The further to the left or the right you move, the more your lens on life distorts.

Wednesday, March 05, 2008

100 Days

It may be that Barack Obama, defeated yesterday by Hillary Clinton in OH and TX, may yet rebound and seize the Democratic Presidential nomination. The Democrats, political idealists to the core, condemn the idea that Super Delegates might negate the “will of the people” and make a pragmatic decision about who would be the best presidential candidate. The Dems better be careful what they wish for.

It may also be that Obama’s soaring political rhetoric is just that, political rhetoric, and his actual intentions once elected would be more pragmatic. His advisors said as much when discussing NAFTA with Canadian representatives.

But what if Barack Obama means exactly what he says. Michael Gerson examines the first 100 days of a Barack Obama presidency:
As a thought experiment, consider the foreign policy achievements of Obama's first 100 days.

Redeeming his Inaugural pledge to "pay any price, bear any burden, fly any distance to meet with our enemies," Obama's first major international meeting is with President Mahmoud Ahmadinejad of Iran. National security adviser Samantha Power does her best to talk tough on human rights in preparation for the meeting. But, as Henry Kissinger once said, "When talks become their own objective, they are at the mercy of the party most prepared to break them off." Having made Iranian talks "without precondition" his major foreign policy goal, Obama is left with little leverage to extract concessions, and little choice but to move forward.

The New York Post runs a front-page picture of the Obama/Ahmadinejad handshake under the headline "Surrender Summit!" The story notes another of Obama's historic firsts: the first American president to meet with a Holocaust denier. The Israeli prime minister publicly asks, "Why is the American president meeting with a leader who calls us 'filthy bacteria' and threatens to wipe us 'off the map'?" Tens of thousands protest in Tel Aviv, carrying signs reading "Chamberlain Lives!"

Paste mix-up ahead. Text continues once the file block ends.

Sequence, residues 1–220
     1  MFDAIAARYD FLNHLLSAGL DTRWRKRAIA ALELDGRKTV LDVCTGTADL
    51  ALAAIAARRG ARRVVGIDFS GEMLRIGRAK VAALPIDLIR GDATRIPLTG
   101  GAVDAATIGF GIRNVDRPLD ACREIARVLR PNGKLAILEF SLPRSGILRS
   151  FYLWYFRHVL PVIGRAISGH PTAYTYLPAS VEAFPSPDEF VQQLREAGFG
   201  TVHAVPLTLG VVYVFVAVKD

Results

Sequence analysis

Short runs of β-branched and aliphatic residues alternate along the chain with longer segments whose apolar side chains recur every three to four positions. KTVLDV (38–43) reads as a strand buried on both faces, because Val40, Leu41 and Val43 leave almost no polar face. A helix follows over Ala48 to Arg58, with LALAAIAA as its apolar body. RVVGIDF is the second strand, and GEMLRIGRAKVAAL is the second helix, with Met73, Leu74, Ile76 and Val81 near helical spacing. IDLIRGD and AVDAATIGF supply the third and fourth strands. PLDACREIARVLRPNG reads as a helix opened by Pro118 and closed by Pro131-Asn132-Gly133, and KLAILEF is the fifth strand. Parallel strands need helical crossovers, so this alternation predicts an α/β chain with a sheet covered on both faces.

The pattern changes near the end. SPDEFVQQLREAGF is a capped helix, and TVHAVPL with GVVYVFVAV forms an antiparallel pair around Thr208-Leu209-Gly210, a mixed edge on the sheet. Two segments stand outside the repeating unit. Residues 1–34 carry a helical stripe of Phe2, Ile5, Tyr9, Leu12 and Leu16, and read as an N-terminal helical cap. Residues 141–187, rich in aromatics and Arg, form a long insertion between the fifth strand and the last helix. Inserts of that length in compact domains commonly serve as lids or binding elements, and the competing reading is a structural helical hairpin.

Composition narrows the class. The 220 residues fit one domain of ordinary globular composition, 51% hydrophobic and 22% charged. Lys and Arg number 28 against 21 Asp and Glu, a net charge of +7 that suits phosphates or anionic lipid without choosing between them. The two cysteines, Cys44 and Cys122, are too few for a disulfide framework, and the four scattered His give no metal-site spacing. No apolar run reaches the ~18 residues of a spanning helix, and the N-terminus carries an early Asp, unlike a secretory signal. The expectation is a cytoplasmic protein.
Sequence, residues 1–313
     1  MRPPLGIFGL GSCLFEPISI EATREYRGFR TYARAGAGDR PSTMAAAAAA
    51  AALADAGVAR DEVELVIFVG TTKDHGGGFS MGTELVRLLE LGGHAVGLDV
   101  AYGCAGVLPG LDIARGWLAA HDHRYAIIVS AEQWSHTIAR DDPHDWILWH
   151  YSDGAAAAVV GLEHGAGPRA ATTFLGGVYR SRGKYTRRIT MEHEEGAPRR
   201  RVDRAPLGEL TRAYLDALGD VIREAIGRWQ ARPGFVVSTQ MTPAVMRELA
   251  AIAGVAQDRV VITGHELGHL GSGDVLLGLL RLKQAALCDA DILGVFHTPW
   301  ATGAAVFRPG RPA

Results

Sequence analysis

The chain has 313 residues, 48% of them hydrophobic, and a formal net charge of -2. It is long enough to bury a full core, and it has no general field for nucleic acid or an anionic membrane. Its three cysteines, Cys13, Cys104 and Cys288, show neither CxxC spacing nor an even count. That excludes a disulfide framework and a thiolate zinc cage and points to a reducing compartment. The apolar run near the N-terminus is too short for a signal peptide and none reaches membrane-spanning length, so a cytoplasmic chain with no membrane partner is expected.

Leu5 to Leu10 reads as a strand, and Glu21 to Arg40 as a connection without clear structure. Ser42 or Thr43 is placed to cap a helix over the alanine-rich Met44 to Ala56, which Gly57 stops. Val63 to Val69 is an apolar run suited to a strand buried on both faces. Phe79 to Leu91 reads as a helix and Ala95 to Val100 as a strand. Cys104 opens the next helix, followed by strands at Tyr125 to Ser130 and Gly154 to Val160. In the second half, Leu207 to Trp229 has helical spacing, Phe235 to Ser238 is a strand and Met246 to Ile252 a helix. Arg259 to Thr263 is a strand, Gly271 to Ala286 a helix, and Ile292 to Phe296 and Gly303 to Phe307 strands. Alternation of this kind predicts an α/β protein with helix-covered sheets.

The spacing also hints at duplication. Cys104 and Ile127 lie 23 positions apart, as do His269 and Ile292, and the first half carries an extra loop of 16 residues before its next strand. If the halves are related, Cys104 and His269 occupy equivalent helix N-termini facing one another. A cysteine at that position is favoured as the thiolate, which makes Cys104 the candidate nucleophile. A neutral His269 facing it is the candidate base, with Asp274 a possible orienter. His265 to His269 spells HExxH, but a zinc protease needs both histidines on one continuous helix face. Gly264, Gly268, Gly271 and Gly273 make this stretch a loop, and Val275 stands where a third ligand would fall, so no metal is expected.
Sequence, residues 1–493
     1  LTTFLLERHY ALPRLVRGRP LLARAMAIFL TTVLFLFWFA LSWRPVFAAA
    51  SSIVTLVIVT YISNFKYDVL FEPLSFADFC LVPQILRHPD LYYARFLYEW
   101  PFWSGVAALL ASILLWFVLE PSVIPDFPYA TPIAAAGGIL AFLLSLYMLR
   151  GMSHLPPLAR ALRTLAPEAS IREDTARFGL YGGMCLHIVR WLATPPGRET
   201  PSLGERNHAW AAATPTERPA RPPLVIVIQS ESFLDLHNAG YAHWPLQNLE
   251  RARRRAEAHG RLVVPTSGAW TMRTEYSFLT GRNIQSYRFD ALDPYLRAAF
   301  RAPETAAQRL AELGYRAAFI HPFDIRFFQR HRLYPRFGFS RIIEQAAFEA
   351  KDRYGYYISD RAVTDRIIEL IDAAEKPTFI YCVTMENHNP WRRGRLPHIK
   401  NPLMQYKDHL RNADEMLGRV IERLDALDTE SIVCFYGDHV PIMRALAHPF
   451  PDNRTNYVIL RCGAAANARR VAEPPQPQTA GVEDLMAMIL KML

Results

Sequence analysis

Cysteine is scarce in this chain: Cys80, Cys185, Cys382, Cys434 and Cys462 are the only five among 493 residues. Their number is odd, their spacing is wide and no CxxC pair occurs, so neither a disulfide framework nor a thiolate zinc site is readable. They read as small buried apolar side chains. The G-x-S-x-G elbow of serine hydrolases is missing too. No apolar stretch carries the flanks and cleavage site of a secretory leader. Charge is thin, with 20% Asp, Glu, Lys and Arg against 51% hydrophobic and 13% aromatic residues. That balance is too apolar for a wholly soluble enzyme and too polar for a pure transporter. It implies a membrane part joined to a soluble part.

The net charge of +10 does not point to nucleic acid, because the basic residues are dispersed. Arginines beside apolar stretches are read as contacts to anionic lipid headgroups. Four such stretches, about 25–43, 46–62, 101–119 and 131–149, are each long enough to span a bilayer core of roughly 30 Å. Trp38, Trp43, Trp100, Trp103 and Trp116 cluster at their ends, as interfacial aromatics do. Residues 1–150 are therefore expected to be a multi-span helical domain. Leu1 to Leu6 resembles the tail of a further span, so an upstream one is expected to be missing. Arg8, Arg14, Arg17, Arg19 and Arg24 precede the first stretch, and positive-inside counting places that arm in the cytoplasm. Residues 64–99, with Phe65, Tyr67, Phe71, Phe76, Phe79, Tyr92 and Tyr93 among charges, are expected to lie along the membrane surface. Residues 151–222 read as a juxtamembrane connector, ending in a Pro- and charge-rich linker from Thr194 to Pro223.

America's moderate Arab allies in the region also feel betrayed, assuming that America is cutting a bilateral deal with Iran that accepts its nuclear ambitions, while leaving the Sunni powers out in the cold. The Egyptian press notes that President Obama's motorcade in Tehran passed near a street named in honor of Khaled Eslamboli, the assassin of President Anwar Sadat.

Shell-shocked by the criticism, the Obama administration moves its forthcoming presidential summit with Raul Castro to the Turks and Caicos, in a vain attempt to limit press scrutiny. The four-minute, Friday evening meeting -- photographers are forbidden -- still results in hundreds of thousands of Cuban protesters in Miami. Spouses of the imprisoned and tortured carry pictures of their loved ones. Venezuelan President Hugo Chavez praises Obama's visit as a "public apology for generations of American imperialism and militarism."

At the same time, the Obama administration is arm-twisting Mexico and Canada into a renegotiation of NAFTA. The Mexican president wonders aloud to the press: "Why is the new president courting his enemies in the hemisphere while insulting his closest friends?"

Obama's Oval Office speech to the nation on Iraq is initially more successful. As promised, he orders a phased, unconditional withdrawal of combat forces, beginning "not in six months or one year -- now." American troops will no longer be embedded in Iraqi combat units or used to combat Iranian influence (all pledges made during his campaign).

Many Americans cheer. But the next day, The Washington Post records stunned disbelief among the troops. A high-ranking officer observes, "The surest way to break the morale of the military is to undo its achievements and humiliate it on the verge of success." Egypt, Saudi Arabia and other Sunni allies react with panic at another sign of American unsteadiness and retreat from the region. Armed groups of Sunni and Shiites within Iraq begin preparing for a resumption of sectarian conflict. An intercepted al-Qaeda communication talks of "so much defeat, exhaustion and death -- and then, praise be, this unexpected victory!"

Obama's 100-day agenda would be designed, in part, to improve America's global image. But there is something worse than being unpopular in the world -- and that is being a pleading, panting joke. By simultaneously embracing appeasement, protectionism and retreat, President Obama would manage to make Jimmy Carter look like Teddy Roosevelt.

Those of us who are old enough to remember the debacle that was the Carter presidency can’t help but believe that Obama is indeed the second coming – of Jimmy Carter.

The unintended consequences of Carter’s ill-conceived approach to foreign policy are with us to this day—in fact President Mahmoud Ahmadinejad of Iran is one of those unintended consequences. There’s a certain symmetry to Obama’s insistence on meeting with that little man. From Carter, the little man was spawned. Back to Carter, a President Obama intends to return. I shudder at the thought.